|Spoken by the vast majority of those in Malaysia, although most learn a local Malay dialect or another native language first.|
|Bahasa Malaysia Kod Tangan|
Official language in
|Regulated by||Dewan Bahasa dan Pustaka (Institute of Language and Literature)|
The Malaysian language (Malay: bahasa Malaysia, Jawi: بهاس مليسيا) or Malaysian Malay (Malay: bahasa Melayu Malaysia), is the name regularly applied to the standardized form of Malay language used in Malaysia (as opposed to the variety used in Indonesia, which is referred to as the "Indonesian" language). Constitutionally, however, the official language of Malaysia is stated as "Malay", but the term "Malaysian" or bahasa Malaysia is used on official contexts from time to time. Malaysian is standardized from the Johore-Riau dialect of Malay. It is spoken by much of the Malaysian population, although most learn a vernacular form of Malay or another native language first. Malay is a compulsory subject in primary and secondary schools.
Article 152 of the Federation designates Malay as the official language. Between 1986 and 2007, the official term bahasa Malaysia was replaced by "bahasa Melayu". Since then, to recognize that Malaysia is composed of many ethnic groups (and not only the ethnic Malays), the term bahasa Malaysia has once again become the government's preferred designation for the bahasa kebangsaan (national language) and the bahasa perpaduan/penyatu (unifying language/lingua franca). However, both terms remain in use. The language is also referred to as BM, or simply Bahasa.
English continues to be widely used in professional and commercial fields and in the superior courts.
Main article: Malay alphabet
The script of the Malaysian language is prescribed by law as the Latin alphabet, known in Malay as Rumi (Roman alphabets), provided that the Arabic alphabet called Jawi (or Malay script) is not proscribed for that purpose. Rumi is official while efforts are currently being undertaken to preserve Jawi script and to revive its use in Malaysia. The Latin alphabet, however, is still the most commonly used script in Malaysia, both for official and informal purposes.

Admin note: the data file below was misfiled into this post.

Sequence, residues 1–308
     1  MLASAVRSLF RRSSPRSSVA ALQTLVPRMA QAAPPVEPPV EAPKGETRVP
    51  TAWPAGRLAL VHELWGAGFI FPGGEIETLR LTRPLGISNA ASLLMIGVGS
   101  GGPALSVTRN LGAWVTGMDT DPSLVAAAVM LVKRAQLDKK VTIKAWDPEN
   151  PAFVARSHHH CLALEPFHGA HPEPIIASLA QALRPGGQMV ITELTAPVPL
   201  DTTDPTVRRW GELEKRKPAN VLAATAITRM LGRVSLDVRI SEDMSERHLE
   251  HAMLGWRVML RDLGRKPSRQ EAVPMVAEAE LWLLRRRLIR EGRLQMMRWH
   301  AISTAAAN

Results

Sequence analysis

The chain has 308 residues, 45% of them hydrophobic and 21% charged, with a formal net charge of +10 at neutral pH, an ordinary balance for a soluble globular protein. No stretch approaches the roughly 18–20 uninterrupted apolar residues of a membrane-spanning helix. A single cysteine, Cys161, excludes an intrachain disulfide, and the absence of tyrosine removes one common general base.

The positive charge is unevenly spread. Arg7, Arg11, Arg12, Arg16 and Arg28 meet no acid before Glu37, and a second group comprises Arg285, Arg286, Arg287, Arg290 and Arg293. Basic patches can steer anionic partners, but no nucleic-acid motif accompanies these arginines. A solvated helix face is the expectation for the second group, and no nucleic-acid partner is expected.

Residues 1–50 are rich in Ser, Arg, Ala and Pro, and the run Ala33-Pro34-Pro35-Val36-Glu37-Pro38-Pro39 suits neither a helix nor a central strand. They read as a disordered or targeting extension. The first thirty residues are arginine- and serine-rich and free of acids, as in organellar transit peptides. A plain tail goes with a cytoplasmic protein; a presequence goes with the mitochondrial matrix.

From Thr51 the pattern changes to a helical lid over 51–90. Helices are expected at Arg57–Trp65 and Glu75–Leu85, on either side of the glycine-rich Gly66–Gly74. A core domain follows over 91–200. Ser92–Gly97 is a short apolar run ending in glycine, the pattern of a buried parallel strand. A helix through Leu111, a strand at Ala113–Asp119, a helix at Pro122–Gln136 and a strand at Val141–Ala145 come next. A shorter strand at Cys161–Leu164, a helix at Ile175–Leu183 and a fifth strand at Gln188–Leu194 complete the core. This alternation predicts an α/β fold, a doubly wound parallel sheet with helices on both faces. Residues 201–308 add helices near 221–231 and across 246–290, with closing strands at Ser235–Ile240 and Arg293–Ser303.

Main article: List of loanwords in Malay
The Malaysian language has most of its borrowings absorbed from Sanskrit, Tamil, Hindustani, Persian, Portuguese, Dutch, Sinitic languages, Arabic and more recently, English (in particular many scientific and technological terms). Modern Malaysian Malay has also been influenced lexically by the Indonesian variety, largely through the popularity of Indonesian dramas, soap operas, and music.
Main article: Bahasa Rojak
Colloquial and contemporary usage of Malay includes modern Malaysian vocabulary, which may not be familiar to the older generation, such as:
New plural pronouns have also been formed out of the original pronouns popularly nowadays and the word orang (person), such as:
In addition, Arabic terms that is originally used in Standard Malay nowadays has been popularly changed where some of the words and pronunciations in the involved terms have been added by the local conservative Muslims by disputing the terms suggested by the Dewan Bahasa dan Pustaka (DBP), claiming that the involved terms with implementation of the additional words and pronunciations is the real correct terms as same as stated in the Qur'an, where it is predominantly used by the local Muslim netizens in the social medias nowadays. The several involved terms in comparison to Standard Malay that is popularly used, such as:
Code-switching between English and Malaysian and the use of novel loanwords is widespread, forming Bahasa Rojak. Consequently, this phenomenon has raised the displeasure of linguistic purists in Malaysia, in their effort to uphold use of the prescribed standard language.
Perkara 152 Perlembagaan Persekutuan menjelaskan bahawa bahasa Melayu yang dikenali juga sebagai bahasa Malaysia adalah bahasa rasmi yang tidak boleh dipertikai fungsi dan peranannya sebagai Bahasa Kebangsaan.